Clean Air Act Proposed Full Approval of Operating Permit Program; State of Hawaii
EPA is proposing to approve the State of Hawaii's (“Hawaii” or “State”) operating permit program. The State operating permit program was submitted in response to the directive in the 1990 Clean Air Act (CAA) Amendments that permitting authorities develop, and submit to EPA, programs for issuing operating permits to all major stationary sources and to certain other sources within the permitting authorities' jurisdictions. EPA granted interim approval to the Hawaii operating permit program on December 1, 1994 but listed certain deficiencies in the program preventing full approval. Hawaii has revised its program to correct the deficiencies of the interim approval and this action proposes full approval of those revisions.
Table of Contents
- What Is the Operating Permit Program?
- What Is Being Addressed in This Document?
- What Are the Program Changes That EPA Is Proposing To Approve?
- Issue a
- State's Response to Issue a
- Issue b
- State's Response to Issue b
- What Is Involved in This Proposed Action?
- Request for Public Comment
- Administrative Requirements
Written comments must be received by November 14, 2001.
Written comments on this action should be addressed to Gerardo Rios, Acting Chief, Permits Office, Air Division (AIR-3), EPA Region IX, 75 Hawthorne Street, San Francisco, California, 94105. You can inspect copies of the State's submittals, and other supporting documentation relevant to this action, during normal business hours at Air Division, EPA Region IX, 75 Hawthorne Street, San Francisco, California, 94105. You may also see copies of the submitted Title V program at the following locations between the hours of 7:45 a.m. and 4:15 p.m.:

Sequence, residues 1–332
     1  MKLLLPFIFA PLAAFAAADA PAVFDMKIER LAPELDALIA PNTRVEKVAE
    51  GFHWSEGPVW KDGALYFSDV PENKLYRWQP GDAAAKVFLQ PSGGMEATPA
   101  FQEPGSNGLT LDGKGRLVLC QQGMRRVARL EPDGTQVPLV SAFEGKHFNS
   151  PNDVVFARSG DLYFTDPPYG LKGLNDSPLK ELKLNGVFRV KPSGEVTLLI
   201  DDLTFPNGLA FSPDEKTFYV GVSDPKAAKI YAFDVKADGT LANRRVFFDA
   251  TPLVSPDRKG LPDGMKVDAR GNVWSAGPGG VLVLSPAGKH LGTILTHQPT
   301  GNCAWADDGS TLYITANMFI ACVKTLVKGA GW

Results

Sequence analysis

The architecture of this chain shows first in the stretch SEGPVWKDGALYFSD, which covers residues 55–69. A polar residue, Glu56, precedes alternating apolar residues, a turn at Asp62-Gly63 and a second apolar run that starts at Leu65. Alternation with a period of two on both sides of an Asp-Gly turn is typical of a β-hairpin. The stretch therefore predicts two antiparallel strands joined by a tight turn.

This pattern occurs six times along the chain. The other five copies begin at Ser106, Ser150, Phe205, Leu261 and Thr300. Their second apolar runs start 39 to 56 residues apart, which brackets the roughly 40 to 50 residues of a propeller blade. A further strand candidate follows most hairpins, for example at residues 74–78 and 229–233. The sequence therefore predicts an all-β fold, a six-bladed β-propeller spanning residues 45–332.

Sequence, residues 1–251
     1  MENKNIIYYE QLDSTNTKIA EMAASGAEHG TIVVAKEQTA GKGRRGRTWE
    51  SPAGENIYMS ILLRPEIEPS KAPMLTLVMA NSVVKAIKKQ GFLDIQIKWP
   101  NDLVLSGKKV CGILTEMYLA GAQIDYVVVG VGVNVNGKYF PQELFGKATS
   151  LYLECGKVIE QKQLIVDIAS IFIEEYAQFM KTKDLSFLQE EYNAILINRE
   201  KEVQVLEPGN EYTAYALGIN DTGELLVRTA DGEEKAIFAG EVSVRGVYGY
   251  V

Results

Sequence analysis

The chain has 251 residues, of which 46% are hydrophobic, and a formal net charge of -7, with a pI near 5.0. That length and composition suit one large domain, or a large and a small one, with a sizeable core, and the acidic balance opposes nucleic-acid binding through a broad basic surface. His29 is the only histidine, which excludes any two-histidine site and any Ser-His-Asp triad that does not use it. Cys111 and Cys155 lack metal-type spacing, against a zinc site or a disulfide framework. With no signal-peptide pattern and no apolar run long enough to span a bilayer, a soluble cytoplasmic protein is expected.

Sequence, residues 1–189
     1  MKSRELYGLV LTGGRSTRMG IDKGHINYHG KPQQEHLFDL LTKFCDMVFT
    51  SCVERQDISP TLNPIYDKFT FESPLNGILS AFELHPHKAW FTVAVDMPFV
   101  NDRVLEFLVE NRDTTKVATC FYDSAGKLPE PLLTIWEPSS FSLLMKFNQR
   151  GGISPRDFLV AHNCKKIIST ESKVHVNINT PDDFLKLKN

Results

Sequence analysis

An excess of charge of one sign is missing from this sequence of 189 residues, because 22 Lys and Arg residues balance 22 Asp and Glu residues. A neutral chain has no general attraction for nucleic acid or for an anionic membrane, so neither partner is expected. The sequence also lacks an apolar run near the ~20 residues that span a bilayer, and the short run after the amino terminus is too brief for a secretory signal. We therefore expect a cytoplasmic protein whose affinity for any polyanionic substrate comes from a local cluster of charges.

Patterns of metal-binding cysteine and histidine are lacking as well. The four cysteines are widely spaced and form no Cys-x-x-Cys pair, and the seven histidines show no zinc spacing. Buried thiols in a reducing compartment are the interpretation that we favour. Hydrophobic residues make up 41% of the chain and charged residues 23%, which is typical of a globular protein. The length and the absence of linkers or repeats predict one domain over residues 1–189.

Oahu: Clean Air Branch, Department of Health, 919 Ala Moana Blvd., Room 203, Honolulu.
Hilo: Office of the Chief Sanitarian, Department of Health, 1582 Kamehameha Ave., Hilo.
Kona: Keakealani Building, Old Kona Hospital, Department of Health, Sanitation Branch, Kealakekua.
Maui: Office of the Chief Sanitarian, Department of Health, 54 High Street, Wailuku.
Kauai: Office of the Chief Sanitarian, Department of Health, 3040 Umi Street, Lihue.
MoloKai: Department of Health, 65 Makaena Place, Kaunakakai.
You may also review the State's rule amendments by accessing the Department of Health's Web site at www.hawaii.gov/doh/proposed_rules/cab/index.html.
For further information contact: ↑
Robert Baker, EPA Region IX, at (415) 744-1258 (Baker.Robert@epa.gov).
Supplementary information: ↑
This section provides additional information by addressing the following questions:
What is the operating permit program?
What is being addressed in this document?
What are the program changes that EPA is proposing to approve?
What is involved in this proposed action?
What Is the Operating Permit Program? ↑
The Clean Air Act Amendments of 1990 required all state and local permitting authorities to develop operating permit programs that met certain federal criteria. In implementing the operating permit programs, the permitting authorities require certain sources of air pollution to obtain permits that contain all applicable requirements under the Clean Air Act (CAA). The focus of the operating permit program is to improve enforcement by issuing each source a permit that consolidates all of the applicable CAA requirements into a federally enforceable document. By consolidating all of the applicable requirements for a facility, the source, the public, and the permitting authorities can more easily determine what CAA requirements apply and how compliance with those requirements is determined.